White nationalists are posting "Imagine a Muslim-free America" fliers on college campuses


Anti-Muslim fliers affiliated with the American Vanguard, a white nationalist organization, have appeared on college campuses across the United States. 

Students from the University of Texas at Austin, University of Central Florida and Rutgers University tweeted photos of a flier reading "Imagine a Muslim-free America." The flier was in black and white with a silhouette of the twin towers depicted in the background. American Vanguard's Texas group has taken credit for the posters at UT-Austin.

The University of Texas at Austin released a statement on Tumblr notifying students that the fliers were removed since it was defacing the campus property.

"The university vigorously supports free speech, but posting signs of any nature on the outside of university buildings is not allowed under campus rules,” the statement read.

Sarah Khan, a senior at the University of Texas, expressed frustration at the university’s response, noting that it did not explicitly condemn the fliers nor did it offer support or resources to students who felt affected by the incident.

"UT-Austin’s message was trash," Khan said in an email. "This was a great way to tell their Muslim students that they really don’t give a shit about their safety. UT cares more about their property being destroyed than the lives of their students."

UT-Austin has not yet responded to Mic’s request for comment.

Azmia Magane, a Muslim alumna of the University of Central Florida, said she believes American Vanguard is advocating for the genocide of Muslims living in the U.S.

"These are not benign 'free speech' fliers," Magane said in an email. "This is targeted hate speech against Muslims. There's only two ways that America would ever be 'Muslim-free.' These posters are literally calling for the removal of Muslims from their homes, followed by subsequent deportation — a so-called 'peaceful' cleansing — or genocide. That is violent.”

Magane said she reached out to American Vanguard's merchandise provider. Jacob Shaffer, CEO of INeedMerch.com, responded to Magane informing her that the group is no longer his client. 

"[American Vanguard] is not currently a client," Shaffer wrote to Magane. "They ran a campaign a long time ago and haven't done so again. They are not a current client and do not have any merchandise on our site for purchase."

After defending American Vanguard's right to free speech, Shaffer asked Magane to delete her tweets about the posters in question. Shaffer has not yet responded to Mic’s request for comment.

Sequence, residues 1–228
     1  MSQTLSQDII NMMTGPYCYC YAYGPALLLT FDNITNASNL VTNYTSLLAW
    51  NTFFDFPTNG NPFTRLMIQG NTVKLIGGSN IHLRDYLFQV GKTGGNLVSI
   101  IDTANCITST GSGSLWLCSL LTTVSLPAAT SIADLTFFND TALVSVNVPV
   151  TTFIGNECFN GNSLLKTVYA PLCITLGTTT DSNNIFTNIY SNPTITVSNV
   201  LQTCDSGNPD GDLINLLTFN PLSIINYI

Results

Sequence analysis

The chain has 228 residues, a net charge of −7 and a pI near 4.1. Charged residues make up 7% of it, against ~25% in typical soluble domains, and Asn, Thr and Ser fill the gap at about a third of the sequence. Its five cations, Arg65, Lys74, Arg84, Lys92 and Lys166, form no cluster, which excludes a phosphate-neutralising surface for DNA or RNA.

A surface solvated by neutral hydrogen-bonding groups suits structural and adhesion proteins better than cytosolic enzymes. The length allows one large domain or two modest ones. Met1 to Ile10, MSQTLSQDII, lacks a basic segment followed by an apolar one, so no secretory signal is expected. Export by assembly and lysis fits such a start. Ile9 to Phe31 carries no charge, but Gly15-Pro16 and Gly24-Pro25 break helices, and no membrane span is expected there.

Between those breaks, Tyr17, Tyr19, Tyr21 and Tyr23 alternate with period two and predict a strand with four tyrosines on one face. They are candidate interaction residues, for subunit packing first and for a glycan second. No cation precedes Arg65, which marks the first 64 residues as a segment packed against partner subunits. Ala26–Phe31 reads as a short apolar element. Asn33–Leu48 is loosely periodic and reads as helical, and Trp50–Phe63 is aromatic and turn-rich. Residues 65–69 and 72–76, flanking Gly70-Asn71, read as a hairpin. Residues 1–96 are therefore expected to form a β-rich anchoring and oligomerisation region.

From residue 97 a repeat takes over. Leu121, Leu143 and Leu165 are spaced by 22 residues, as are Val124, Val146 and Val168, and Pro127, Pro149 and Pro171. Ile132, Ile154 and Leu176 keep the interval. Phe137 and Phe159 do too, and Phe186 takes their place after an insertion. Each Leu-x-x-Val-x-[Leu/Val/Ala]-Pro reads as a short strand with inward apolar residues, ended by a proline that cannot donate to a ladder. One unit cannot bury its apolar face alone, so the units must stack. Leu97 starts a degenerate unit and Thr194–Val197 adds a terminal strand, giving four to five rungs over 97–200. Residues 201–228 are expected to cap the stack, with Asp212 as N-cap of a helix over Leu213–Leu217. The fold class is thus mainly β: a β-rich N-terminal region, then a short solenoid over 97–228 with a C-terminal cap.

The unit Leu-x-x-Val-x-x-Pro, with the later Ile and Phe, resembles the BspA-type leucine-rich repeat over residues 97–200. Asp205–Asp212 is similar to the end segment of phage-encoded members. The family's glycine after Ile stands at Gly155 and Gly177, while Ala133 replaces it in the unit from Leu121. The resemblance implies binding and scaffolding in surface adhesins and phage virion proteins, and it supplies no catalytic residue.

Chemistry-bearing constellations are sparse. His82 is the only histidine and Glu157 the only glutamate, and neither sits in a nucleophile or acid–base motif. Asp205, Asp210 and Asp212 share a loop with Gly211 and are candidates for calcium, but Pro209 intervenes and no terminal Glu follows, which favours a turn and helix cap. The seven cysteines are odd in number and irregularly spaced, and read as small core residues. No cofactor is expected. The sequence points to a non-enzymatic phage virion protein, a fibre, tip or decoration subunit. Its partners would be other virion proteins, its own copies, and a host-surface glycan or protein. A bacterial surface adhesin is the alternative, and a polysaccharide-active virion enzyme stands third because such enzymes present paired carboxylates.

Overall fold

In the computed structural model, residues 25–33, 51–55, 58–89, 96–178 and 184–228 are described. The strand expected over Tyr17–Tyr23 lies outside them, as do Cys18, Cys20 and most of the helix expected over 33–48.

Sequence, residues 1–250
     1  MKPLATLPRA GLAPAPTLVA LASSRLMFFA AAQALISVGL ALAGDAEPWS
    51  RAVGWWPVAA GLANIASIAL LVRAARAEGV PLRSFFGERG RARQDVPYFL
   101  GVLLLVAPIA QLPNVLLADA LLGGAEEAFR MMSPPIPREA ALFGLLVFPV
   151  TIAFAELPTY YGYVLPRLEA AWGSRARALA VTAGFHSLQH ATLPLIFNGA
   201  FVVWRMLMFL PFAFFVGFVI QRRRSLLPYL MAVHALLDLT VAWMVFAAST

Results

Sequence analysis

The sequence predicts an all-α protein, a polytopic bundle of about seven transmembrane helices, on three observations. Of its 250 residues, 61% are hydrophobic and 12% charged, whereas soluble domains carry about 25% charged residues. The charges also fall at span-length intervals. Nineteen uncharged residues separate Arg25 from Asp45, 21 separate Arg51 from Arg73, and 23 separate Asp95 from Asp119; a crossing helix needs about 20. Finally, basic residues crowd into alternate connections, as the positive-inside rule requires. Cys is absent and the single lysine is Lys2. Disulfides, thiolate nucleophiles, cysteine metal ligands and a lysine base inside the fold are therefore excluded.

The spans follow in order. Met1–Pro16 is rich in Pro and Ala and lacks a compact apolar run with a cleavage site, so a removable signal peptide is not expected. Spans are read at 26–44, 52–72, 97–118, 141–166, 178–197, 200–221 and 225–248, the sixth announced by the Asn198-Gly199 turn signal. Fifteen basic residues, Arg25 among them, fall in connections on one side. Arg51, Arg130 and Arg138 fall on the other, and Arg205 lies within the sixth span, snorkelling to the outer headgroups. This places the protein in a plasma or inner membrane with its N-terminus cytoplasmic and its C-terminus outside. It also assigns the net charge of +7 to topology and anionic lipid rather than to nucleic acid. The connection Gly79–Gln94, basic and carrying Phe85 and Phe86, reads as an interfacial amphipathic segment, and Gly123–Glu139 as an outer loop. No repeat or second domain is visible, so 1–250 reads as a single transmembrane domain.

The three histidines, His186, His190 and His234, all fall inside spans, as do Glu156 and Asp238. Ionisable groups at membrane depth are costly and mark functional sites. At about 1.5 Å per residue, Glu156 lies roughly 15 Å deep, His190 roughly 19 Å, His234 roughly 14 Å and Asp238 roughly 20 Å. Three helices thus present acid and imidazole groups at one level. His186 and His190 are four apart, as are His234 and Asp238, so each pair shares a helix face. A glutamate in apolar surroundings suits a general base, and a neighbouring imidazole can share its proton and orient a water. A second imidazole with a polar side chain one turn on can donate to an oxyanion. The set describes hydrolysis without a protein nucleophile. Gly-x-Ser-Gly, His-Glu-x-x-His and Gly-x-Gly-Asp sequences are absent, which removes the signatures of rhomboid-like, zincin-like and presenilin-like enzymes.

Jim Sues, the executive director of the Council of American Islamic Relations' New Jersey chapter, urges Rutgers University to take prompt action in condemning fliers and to protect the first amendment rights of its students.

"The hate and bigotry exhibited in this poster cannot be tolerated," Sues said in an email. "All Americans must be able to practice their faith and worship as they choose without fear of harassment or intimidation. The diversity of the student body at Rutgers University has long been a source of pride and inspiration, and the university administration must not allow narrow minded bigots to tarnish its reputation and intimidate its students."

A Rutgers University-New Brunswick spokesperson told Mic the fliers were removed after several students expressed distress over the fliers.

"The contents of the flyer, which was also posted elsewhere nationwide, violate the values and ideals for which Rutgers stands," the spokesman said in an email. "We strongly condemn this kind of speech and are appalled that our Muslim community was targeted in this way.”

Magane said these posters should prompt the Southern Poverty Law Center to designate the American Vanguard as a hate group before it radicalizes individuals to harm marginalized communities in the U.S.

"It was groups like this that radicalized Dylann Roof,” Magane said, noting the rhetoric — including sentiments espoused by Donald Trump — emboldens "white terrorism" and detrimental policies to Muslims and immigrant communities. "If some of America didn't see these things as a problem before, they should now. America cannot deny white supremacy and its violent extremism anymore. It's written in black and white on a poster: 'Imagine a Muslim-free America.'"

UCF did not respond to Mic’s request for comment.

Feb. 14, 2017, 2:58 p.m.: This story has been updated.

Correction: Feb. 15, 2017

A previous version of this story mischaracterized INeedMerch.com's relationship with American Vanguard. INeedMerch.com once provided American Vanguard merchandise on its website, but did not provide the fliers.